While Newfoundland and Labrador is well-known for our strong sense of community spirit, it’s hard to ignore the reality: our world has changed, and our communities are changing too. A number of factors have led to increased reports of violence and bullying within our classrooms and schools.
EDUCATION AFFECTS OUR COMMUNITIES
Without modeling safe and inclusive communities from a young age, we run the risk of alienating kids – particularly those who are already facing tough situations at home.
We need to invest in education. Assigning teachers and resources to schools based on the actual needs of students results in savings in social services.
It’s not hard to see why:
- A 2011 article by economists at the University of Toronto and the Norweigan School of Economics found that “schooling fosters trust” and noted the “importance of trust in improving social interaction and fostering community involvement.” (Journal of Economic Perspectives)
- Bullying can reduce a victim’s lifetime earnings by £50,000. One school-based anti-bullying program had a cost £15.50 per student, per year, but resulted in £1,080 worth of benefits for every student – even when averaged across all children, whether they’d been bullied or not. (London School of Economics and Political Science)
- In the UK, one study found that preventing conduct disorders in a single child through early intervention leads to the equivalent in lifetime savings of $365,000 (CAD) – through health and criminal justice savings, plus increased earnings. (Mental Health Commission of Canada)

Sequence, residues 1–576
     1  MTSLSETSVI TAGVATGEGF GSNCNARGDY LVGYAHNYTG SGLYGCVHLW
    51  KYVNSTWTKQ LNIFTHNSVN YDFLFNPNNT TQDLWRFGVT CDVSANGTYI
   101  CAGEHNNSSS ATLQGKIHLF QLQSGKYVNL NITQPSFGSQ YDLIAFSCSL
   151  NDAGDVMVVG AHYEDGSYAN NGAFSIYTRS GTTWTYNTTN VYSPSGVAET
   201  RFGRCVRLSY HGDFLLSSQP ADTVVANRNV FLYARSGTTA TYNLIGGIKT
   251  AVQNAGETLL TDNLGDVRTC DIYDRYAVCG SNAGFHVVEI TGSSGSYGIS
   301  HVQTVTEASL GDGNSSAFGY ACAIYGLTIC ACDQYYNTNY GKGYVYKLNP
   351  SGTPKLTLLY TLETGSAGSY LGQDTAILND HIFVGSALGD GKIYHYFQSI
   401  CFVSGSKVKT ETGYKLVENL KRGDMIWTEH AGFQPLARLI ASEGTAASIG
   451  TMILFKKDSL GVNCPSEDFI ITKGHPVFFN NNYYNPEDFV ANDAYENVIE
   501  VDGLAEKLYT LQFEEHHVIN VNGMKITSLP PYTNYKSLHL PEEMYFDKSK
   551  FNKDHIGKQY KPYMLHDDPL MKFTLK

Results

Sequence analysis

Building relationships with “hard-to-reach” students takes time, but it can make a lifelong difference.
No matter what kind of circumstances a student is facing at home, we can’t rely on a reactive approach – our education system needs to have the resources to pro-actively prevent and intervene in cases of violent or aggressive behaviour.
When we don’t budget enough human resources to make pro-active decisions about school safety, we aren’t saving money – we’re just passing an even bigger cost along to our justice and social systems.
Even educational resources that aren’t directly targeting violent and aggressive behaviour can save our justice system money, since education level is a major factor for crime.
Looking at the evidence, it’s hard to argue that cuts to education are a “cost-saving” measure.
A 2011 report from the Canadian Policy Network highlights the need for a broader approach to our growing mental health concerns: “For decision-makers, these findings show that… In the short term, a substantial investment of resources to get these programs running may be required in one sector (like education or social services), knowing full well that the payoffs (significant cost savings and better overall outcomes) will be realized largely in other sectors (such as criminal justice and health).”
Whether it’s academic, behavioural, emotional, or social… if our educational resources leave students with unmet needs, it affects the entire learning environment – and future – of every child.